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The Complete Idiot's Guide to Branding Yourself Paperback – Bargain Price, May 5, 2009
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About the Author
Sherry Beck Paprocki is an award-winning writer and editor. She edits Columbus Monthly Homes and she has written for Preservation magazine, InStyle's Black Book section, the Chicago Tribune, the Cleveland Plain Dealer, Philadelphia Inquirer, and the Los Angeles Times.
Ray Paprocki is the award- winning editor of Columbus Monthly. He has won more than 30 journalism awards and his freelance credits include the Chicago Tribune, the Plain Dealer Sunday magazine and The Sporting News.
Top customer reviews
I. What is branding? [1-4]
II. Launching your personal brand [5-8]
III. Branding in a modern world [9-14]
IV. Brand extension & evolution [15-20]
1. Personal branding defined
2. Writing your own branding story
3. Reaching your target audience
4. Communicating over the clutter
5. Brand identity: Starting with your resume
6. Effective messaging: Creating collateral
7. Developing brand associations
8. The total experience: Living your brand
9. Mainstream media still counts
10. Understanding public relations
11. Branding yourself via the Web
12. Personal communication in a New Age
13. Should you buy the Mad Ad, men?
14. Guerilla tactics in a noisy world
15. If you brand it, they will come
16. Lessons from megabrand personalities
17. Global responsibility
18. The smoke and fog of branding
19. Being your own brand barista
20. Branding in the future
This book covers personal branding from a generalist's perspective. The authors seem to think it's OK to discuss personal branding (resume building) as it relates to job-seekers at the same time and in the same breath as personal branding (self-promotion) as it relates to building a small consulting, training, or coaching practice (small business). I disagree with the authors on this point. When looking for a job one typically needs to build a resume. They may do some networking, but they don't really market themselves. When a person self-promotes they typically are marketing themselves and using a vast amount of marketing tools and techniques, i.e., writing, authoring, public speaking, Web sites, blogs, and possibly joining social networking sites likes LinkedIn, Facebook, Twitter, & maybe MySpace.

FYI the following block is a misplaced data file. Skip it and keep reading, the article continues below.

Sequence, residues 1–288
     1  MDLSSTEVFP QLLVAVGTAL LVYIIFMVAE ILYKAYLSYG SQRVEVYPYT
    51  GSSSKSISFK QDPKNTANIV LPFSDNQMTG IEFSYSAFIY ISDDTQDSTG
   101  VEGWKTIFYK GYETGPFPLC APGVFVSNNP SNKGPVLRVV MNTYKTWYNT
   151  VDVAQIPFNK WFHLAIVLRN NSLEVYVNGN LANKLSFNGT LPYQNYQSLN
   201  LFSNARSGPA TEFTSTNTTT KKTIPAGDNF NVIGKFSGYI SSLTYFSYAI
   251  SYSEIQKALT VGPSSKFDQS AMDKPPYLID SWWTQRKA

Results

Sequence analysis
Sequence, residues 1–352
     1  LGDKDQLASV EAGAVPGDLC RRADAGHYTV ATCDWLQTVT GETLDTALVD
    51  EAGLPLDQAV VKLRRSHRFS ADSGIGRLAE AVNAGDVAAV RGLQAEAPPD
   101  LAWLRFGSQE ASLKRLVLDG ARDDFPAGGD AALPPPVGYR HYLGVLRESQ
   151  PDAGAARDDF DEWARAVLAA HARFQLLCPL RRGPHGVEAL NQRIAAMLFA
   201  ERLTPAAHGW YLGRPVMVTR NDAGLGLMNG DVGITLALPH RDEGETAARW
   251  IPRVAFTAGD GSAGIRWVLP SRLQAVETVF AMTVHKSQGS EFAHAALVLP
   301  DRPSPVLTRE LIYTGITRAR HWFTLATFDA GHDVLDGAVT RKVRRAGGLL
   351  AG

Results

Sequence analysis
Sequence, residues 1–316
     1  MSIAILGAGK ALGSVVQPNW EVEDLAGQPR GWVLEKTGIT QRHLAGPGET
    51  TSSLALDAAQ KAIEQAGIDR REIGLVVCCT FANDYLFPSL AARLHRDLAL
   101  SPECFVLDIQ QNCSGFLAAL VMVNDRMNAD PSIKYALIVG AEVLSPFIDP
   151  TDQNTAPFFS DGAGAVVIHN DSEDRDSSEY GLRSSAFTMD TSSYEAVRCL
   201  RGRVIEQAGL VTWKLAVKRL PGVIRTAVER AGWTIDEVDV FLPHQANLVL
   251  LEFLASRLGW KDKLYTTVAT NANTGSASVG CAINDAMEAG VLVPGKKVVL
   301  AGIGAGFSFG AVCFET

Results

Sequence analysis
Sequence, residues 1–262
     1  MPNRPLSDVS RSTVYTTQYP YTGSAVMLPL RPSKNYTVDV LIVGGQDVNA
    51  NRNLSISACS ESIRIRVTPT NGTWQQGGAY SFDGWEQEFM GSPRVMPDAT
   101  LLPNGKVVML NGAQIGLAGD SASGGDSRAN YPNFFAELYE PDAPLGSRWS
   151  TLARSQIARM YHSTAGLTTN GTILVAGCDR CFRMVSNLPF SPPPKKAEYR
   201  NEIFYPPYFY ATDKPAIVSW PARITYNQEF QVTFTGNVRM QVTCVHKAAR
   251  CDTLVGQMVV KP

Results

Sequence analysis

Finding a job usually requires the job seeker to have credentials (schooling & degrees) and work experience. While these things do have a tendency to "brand" a person and pidgeon-hole him in a certain career track, they don't do much for establishing a person as an expert or authority in their field (another type of "brand" entirely).
Establishing yourself as an expert and authority in your field might require some schooling and maybe a degree or two, but not always. You get to be known as an expert and authority by writing articles, books, presenting seminars and workshops, doing public speaking, having a good Web site, and being part of the blogosphere. And let me tell you, if you have become an expert and authority and have a brand to go along with it, then you more than likely won't be looking for employment - you will be looking for clients and customers.
If this book had focused on the "branding" for the job seeker, then it would have probably gotten a higher star rating from me. Likewise, if it had focused on the "branding" for the person trying to build a small business, I would have rated it higher. In my humble opinion there are nuggets of good information included in this book, but they are not presented in such a way as to provide value to the reader. There is simply not enough focus by the authors on any one subject at hand. The way the book read I didn't get the feeling the authors even knew what they were talking about. It felt more like they had done some research on a topic they knew nothing about and TRIED (and failed) to write a good term paper about it. 2 stars!